Omar even got a shot at Barksdale himself, by giving stolen drugs to Eastside drug kingpin Proposition Joe for Avon's pager number. He tailed Avon to Orlando's strip club, paged him and waited for him to emerge into the open. Avon narrowly escaped when Wee-Bey arrived and shot Omar in the shoulder. Afterward, Stringer Bell offered Omar a truce, planning to kill him when he relaxed his guard. Omar realized Stringer's duplicity and left town, temporarily relocating to New York City.
Omar returned to Baltimore with a new boyfriend, Dante, sometime between the seasons. He quickly returned to his old business, targeting the Barksdales exclusively, and connected with Tosha and Kimmy, stick-up artists who joined his crew.
Omar provided false testimony against Bird in open court as he had promised to do. Unabashed and unapologetic about who he was, he won over the jury with his wit; when Barksdale attorney Maurice Levy called him a parasite who thrived on the drug trade, Omar quickly pointed out that a crooked lawyer like Levy was essentially the same thing. In the end, the jury accepted Omar's testimony, and Bird was sent to prison for life. Assistant State's Attorney Ilene Nathan promised Omar a favor as a thank you for his testimony.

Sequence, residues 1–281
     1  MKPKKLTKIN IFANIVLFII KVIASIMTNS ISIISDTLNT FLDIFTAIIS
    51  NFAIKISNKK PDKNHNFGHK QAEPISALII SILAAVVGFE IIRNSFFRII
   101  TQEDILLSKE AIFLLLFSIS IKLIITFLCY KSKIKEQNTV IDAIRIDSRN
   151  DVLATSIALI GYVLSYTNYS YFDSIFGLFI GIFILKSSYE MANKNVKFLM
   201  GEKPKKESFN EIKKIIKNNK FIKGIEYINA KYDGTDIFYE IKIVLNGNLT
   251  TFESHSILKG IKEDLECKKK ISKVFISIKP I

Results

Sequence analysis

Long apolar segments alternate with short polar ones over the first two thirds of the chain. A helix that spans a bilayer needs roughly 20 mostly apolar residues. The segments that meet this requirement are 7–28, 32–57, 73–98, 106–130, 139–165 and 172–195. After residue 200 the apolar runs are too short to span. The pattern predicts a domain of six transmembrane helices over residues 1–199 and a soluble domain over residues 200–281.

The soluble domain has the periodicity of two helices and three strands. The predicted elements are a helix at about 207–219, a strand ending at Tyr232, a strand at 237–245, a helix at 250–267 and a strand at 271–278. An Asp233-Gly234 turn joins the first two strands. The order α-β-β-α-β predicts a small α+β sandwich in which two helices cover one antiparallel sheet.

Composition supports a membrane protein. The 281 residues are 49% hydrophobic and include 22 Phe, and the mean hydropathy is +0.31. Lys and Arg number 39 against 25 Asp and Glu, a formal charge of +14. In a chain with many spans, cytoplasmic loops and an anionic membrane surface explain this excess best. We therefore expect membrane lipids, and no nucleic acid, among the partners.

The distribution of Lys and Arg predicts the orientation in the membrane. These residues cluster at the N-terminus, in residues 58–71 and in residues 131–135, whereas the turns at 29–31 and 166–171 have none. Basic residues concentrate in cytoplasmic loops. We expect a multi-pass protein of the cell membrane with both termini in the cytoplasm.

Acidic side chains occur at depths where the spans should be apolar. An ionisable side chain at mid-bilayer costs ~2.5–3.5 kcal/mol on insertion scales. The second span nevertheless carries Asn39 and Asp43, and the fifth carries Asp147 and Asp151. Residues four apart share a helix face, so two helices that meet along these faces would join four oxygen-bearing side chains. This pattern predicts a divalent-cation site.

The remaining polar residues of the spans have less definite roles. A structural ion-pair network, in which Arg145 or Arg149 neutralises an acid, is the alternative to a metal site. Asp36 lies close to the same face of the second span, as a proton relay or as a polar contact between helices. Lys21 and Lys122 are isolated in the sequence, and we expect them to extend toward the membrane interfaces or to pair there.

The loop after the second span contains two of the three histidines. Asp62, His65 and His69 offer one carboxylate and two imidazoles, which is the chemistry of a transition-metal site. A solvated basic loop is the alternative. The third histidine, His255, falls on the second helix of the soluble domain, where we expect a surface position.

Around this time, Stringer Bell wanted to get rid of hitman Brother Mouzone. At a meeting arranged through Proposition Joe and Omar's advisor and confidant Butchie, Stringer told Omar that Mouzone was the one who tortured and murdered Brandon. Omar then tracked Mouzone down at a hotel and shot him in the abdomen. In the brief conversation that followed, Mouzone convinced Omar that they both shared the same type of moral code. Omar, realizing he had been duped, let Mouzone live, even calling 911 and giving them Mouzone's location. He redirected his murderous intent at Stringer himself.